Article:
Guinea is a poor country that possesses major mineral, hydropower, and agricultural resources. The country has almost half of the world's bauxite reserves and significant iron ore, gold, and diamond reserves. However, Guinea has been unable to profit from this potential, as rampant corruption, dilapidated infrastructure, and political uncertainty have drained investor confidence. In the time since a 2008 coup following the death of long-term President Lansana CONTE, international donors, including the G-8, the IMF, and the World Bank, have significantly curtailed their development programs. Throughout 2009, policies of the ruling military junta severely weakened the economy. The junta leaders spent and printed money at an accelerating rate, driving inflation and debt to perilously high levels. In early 2010, the junta collapsed and was replaced by a transition government, which ceded power in December 2010 to the country's first-ever democratically elected president, Alpha CONDE. International assistance and investment are expected to return to Guinea, but the levels will depend upon the ability of the new government to combat corruption, reform its banking system, improve its business environment, and build infrastructure. IMF and World Bank programs will be especially critical as Guinea attempts to gain debt relief. International investors have expressed keen interest in Guinea''s vast iron ore reserves, which could further propel the country''s growth. The government put forward a new mining code in September 2011 that includes provisions to combat corruption, protect the environment, and review all existing mining contracts. Longer range plans to deploy broadband Internet throughout the country could spur economic growth as well.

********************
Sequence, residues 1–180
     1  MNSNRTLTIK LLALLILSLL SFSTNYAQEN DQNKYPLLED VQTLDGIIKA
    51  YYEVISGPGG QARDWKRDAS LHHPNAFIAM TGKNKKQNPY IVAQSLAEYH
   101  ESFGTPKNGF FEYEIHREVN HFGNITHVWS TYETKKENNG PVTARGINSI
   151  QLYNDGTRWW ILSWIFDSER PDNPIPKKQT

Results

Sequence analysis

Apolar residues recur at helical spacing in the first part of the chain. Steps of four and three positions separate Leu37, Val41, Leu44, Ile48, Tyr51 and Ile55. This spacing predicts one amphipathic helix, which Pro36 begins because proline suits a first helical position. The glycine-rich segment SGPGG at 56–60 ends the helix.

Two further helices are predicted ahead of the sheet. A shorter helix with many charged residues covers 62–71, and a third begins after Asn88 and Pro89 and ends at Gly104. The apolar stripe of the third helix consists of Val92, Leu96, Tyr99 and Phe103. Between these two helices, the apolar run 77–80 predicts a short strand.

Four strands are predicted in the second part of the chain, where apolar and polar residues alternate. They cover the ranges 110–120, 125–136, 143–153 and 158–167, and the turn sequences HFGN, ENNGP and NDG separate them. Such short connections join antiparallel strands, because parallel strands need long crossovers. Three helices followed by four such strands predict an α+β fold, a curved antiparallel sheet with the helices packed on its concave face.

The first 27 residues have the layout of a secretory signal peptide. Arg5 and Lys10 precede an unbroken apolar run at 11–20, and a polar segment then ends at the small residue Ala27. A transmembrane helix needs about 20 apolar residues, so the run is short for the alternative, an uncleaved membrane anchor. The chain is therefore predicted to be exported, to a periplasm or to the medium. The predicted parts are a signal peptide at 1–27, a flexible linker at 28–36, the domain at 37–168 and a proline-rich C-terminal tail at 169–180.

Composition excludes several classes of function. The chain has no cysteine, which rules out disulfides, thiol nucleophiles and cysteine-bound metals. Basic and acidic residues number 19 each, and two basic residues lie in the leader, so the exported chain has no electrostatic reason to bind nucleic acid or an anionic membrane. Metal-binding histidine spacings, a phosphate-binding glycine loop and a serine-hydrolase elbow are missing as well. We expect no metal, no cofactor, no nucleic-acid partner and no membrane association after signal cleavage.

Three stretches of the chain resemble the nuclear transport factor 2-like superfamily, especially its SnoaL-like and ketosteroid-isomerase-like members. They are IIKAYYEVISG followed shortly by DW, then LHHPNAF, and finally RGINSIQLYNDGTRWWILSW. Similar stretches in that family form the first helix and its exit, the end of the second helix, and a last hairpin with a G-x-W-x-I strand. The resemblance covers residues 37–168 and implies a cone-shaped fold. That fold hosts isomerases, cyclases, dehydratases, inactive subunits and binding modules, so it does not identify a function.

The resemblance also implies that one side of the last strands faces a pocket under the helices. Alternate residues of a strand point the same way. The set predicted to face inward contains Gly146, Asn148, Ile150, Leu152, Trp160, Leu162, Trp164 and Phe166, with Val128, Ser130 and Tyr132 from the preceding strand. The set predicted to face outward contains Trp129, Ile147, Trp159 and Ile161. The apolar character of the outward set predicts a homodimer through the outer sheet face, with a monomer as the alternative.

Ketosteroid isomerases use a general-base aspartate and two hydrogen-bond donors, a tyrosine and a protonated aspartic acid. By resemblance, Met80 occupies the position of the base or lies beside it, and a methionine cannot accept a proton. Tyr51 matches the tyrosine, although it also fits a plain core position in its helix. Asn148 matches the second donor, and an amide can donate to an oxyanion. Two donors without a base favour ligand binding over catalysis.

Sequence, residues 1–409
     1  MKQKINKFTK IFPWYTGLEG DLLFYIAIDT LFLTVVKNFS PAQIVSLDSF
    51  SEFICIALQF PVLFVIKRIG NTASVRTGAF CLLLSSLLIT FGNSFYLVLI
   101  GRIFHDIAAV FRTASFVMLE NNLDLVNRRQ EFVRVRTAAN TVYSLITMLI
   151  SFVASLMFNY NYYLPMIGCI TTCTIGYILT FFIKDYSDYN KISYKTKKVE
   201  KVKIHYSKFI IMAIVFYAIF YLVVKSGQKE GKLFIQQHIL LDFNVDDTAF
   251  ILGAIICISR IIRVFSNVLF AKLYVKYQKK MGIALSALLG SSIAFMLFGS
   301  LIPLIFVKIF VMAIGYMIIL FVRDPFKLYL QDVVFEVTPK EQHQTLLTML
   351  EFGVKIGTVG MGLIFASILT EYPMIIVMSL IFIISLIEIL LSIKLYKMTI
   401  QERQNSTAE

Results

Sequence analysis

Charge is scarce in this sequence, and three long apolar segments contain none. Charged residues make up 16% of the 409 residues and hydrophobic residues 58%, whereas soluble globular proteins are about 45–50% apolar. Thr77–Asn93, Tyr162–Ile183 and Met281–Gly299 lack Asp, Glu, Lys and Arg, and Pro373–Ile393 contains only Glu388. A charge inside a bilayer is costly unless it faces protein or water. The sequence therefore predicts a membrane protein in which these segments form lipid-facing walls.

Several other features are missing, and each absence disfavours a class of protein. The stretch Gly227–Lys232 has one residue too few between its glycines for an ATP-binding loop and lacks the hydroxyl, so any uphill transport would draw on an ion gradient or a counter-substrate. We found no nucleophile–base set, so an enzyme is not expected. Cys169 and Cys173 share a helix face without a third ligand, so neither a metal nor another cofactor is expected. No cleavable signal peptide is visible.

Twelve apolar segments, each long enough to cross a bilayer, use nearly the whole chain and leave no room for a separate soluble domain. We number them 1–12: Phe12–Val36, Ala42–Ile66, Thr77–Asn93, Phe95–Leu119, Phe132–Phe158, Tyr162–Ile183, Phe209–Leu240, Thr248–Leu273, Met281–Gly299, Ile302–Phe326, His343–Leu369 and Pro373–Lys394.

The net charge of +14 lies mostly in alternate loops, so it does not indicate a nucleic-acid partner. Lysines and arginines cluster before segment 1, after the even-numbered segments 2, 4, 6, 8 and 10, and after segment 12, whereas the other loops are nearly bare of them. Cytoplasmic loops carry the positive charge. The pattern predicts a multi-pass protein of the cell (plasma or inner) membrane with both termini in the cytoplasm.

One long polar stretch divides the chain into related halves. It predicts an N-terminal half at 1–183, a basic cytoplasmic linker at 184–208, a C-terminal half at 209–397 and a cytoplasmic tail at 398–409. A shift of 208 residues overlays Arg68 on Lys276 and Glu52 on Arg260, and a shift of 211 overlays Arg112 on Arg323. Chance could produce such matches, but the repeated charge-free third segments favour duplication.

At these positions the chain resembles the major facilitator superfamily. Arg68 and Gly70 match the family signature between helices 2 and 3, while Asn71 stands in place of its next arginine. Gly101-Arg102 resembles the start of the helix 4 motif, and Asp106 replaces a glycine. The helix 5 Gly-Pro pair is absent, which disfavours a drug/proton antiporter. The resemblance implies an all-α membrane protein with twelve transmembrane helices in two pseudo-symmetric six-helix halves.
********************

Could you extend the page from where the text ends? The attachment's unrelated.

$12.37 billion (2012 est.)